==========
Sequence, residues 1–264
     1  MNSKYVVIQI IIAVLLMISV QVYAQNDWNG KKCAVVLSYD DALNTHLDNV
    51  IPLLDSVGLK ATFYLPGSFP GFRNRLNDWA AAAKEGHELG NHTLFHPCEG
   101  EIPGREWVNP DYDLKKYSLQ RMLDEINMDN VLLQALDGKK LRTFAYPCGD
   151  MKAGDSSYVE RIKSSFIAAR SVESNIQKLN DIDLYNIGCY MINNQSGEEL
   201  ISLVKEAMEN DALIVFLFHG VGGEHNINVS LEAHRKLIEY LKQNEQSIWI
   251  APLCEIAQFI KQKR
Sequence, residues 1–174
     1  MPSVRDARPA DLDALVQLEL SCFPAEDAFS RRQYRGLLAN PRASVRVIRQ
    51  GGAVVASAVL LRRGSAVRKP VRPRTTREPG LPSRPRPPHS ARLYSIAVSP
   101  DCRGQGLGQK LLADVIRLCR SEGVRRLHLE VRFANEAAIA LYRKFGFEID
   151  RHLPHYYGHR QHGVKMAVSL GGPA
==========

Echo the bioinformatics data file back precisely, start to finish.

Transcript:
Sequence, residues 1–264
     1  MNSKYVVIQI IIAVLLMISV QVYAQNDWNG KKCAVVLSYD DALNTHLDNV
    51  IPLLDSVGLK ATFYLPGSFP GFRNRLNDWA AAAKEGHELG NHTLFHPCEG
   101  EIPGREWVNP DYDLKKYSLQ RMLDEINMDN VLLQALDGKK LRTFAYPCGD
   151  MKAGDSSYVE RIKSSFIAAR SVESNIQKLN DIDLYNIGCY MINNQSGEEL
   201  ISLVKEAMEN DALIVFLFHG VGGEHNINVS LEAHRKLIEY LKQNEQSIWI
   251  APLCEIAQFI KQKR
Sequence, residues 1–174
     1  MPSVRDARPA DLDALVQLEL SCFPAEDAFS RRQYRGLLAN PRASVRVIRQ
    51  GGAVVASAVL LRRGSAVRKP VRPRTTREPG LPSRPRPPHS ARLYSIAVSP
   101  DCRGQGLGQK LLADVIRLCR SEGVRRLHLE VRFANEAAIA LYRKFGFEID
   151  RHLPHYYGHR QHGVKMAVSL GGPA